I always knew I wanted to study illustration. The course at Cambridge School of Art was recommended by the tutor of my foundation course in Portsmouth because of its printmaking workshop and studio space.
I was amazed to get an unconditional offer as I really thought I’d mucked up my interview and remember crying in the café opposite campus!
As well as the amazing facilities, we had access to some really good illustrators who came into to talk to us and who influenced my decision to be an illustrator. I decided this was what I wanted to do at the beginning of my second year and discussed it with my course tutor, who was candid about me needing to be serious in my ambition – and for the need to be really really good.
I recently returned to Cambridge School of Art to talk to current students and it was so emotional going back. There are lots of things that you don’t necessarily appreciate when you are there: not only the unlimited access to all sorts of facilities, but also the community and support you get in the studio environment. My work would really benefit now from the crits we had, which really help develop your work.
Cambridge also influenced my work and my choice of media – I discovered working with scraperboards from someone in the local creative scene. I remember taking it back into the studios and being really excited and the course tutors being excited too. A scraperboard is the main medium I use now, as an alternative to printmaking, creating detailed black-and-white designs which are then coloured digitally to enhance the commercial appeal.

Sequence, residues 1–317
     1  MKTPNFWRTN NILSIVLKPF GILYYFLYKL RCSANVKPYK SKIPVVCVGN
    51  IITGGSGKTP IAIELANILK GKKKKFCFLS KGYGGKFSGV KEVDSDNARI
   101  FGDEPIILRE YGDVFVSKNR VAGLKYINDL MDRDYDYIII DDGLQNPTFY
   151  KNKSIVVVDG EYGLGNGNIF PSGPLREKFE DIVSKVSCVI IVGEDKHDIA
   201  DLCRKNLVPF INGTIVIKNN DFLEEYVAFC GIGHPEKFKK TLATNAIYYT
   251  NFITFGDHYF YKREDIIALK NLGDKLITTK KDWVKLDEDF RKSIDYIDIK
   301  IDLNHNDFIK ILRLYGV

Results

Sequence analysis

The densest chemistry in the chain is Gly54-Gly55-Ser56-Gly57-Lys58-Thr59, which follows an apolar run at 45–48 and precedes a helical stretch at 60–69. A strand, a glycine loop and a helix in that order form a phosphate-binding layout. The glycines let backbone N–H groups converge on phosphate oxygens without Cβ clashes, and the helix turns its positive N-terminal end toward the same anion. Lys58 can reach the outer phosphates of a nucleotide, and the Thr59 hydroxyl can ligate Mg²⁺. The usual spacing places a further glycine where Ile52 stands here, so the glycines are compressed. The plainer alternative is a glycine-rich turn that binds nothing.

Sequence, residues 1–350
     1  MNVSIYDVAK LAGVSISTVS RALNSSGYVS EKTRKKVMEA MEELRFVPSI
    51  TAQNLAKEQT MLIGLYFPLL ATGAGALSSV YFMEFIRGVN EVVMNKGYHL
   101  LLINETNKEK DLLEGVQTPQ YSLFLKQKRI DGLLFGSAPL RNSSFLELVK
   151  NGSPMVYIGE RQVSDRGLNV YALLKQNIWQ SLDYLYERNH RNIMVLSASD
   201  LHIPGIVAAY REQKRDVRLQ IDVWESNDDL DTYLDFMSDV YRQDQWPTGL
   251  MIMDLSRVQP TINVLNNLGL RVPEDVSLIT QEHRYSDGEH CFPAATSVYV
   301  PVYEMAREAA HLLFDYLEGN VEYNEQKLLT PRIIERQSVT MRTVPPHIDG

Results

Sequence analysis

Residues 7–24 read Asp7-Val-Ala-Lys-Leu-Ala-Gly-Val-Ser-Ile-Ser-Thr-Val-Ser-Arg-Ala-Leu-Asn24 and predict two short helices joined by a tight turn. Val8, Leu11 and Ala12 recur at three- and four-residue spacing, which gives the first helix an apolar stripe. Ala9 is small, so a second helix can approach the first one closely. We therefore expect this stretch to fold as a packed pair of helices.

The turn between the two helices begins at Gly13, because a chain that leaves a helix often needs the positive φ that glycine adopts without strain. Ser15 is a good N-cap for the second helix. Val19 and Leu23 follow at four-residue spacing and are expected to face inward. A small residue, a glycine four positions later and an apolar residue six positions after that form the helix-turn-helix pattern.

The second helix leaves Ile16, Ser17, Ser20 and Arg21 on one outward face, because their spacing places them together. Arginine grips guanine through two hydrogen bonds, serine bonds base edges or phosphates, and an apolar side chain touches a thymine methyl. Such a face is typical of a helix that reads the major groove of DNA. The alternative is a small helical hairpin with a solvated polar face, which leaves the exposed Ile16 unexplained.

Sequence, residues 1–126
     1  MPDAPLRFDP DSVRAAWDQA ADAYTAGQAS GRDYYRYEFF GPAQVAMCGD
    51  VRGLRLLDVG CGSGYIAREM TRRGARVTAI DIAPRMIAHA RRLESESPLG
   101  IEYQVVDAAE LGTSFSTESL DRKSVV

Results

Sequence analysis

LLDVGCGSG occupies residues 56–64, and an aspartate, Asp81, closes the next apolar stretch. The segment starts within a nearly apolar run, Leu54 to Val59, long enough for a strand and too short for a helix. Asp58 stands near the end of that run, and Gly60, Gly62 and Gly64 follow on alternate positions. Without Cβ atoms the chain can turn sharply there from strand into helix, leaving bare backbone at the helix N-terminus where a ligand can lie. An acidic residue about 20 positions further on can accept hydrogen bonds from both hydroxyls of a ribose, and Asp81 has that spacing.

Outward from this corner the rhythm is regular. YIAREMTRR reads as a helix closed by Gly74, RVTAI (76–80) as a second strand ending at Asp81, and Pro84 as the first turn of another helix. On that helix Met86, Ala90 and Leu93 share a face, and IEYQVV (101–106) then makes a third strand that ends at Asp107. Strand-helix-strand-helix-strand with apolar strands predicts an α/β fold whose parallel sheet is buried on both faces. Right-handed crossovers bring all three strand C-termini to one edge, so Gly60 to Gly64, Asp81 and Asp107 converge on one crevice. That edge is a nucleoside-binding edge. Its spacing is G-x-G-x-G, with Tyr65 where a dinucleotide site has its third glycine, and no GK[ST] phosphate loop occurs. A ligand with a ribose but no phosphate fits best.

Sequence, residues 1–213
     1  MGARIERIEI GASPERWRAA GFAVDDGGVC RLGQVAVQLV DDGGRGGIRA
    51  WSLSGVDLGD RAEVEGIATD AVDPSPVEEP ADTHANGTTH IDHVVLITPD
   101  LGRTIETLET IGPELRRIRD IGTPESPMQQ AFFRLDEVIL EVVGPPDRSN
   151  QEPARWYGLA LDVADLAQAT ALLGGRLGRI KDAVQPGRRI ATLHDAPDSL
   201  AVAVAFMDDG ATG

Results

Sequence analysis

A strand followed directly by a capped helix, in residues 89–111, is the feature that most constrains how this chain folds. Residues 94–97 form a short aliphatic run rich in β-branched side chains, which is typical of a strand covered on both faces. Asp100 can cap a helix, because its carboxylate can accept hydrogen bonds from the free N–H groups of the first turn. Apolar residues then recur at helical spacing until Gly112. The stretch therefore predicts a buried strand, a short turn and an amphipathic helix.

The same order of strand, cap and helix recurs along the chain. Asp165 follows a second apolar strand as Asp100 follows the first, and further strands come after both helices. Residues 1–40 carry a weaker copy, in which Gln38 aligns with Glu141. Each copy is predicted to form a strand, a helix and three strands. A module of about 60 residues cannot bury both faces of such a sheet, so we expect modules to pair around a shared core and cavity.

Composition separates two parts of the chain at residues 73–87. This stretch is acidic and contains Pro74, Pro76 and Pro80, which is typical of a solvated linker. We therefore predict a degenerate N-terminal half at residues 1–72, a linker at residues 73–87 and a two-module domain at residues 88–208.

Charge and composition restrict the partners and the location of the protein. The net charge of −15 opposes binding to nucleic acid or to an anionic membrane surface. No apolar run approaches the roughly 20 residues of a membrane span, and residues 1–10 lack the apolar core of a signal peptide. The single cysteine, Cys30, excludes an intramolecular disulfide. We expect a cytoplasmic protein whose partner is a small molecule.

When I graduated, I started to work in jewellery design but I knew that I really wanted to do my own work and make products from my own designs. As of this year, I now work wholly for myself. My business is two-fold: making and selling a range of products including cushions, wallpaper and scarves, and licensing my images for use through my licensing agents Yellow House.
I was introduced to the idea of licensing by someone who worked for a publishers, as many creative directors won’t work with someone who isn’t licensed. My images have been licensed for greetings cards, puzzles and ceramics as well as for a commission for 12 Christmas stamps for the Isle of Man Post Office.
Most recently I was one of four winning entries for the fabric design edition of the Liberty Open Call, and this work is now licensed exclusively to them. I'm proud to say that my fabric is available to buy from Liberty London.
Catherine Rowe is the founder of catherinerowedesigns.com.
Interested in studying illustration at ARU? Visit the course page to find out more, or book your place at one of our Open Days.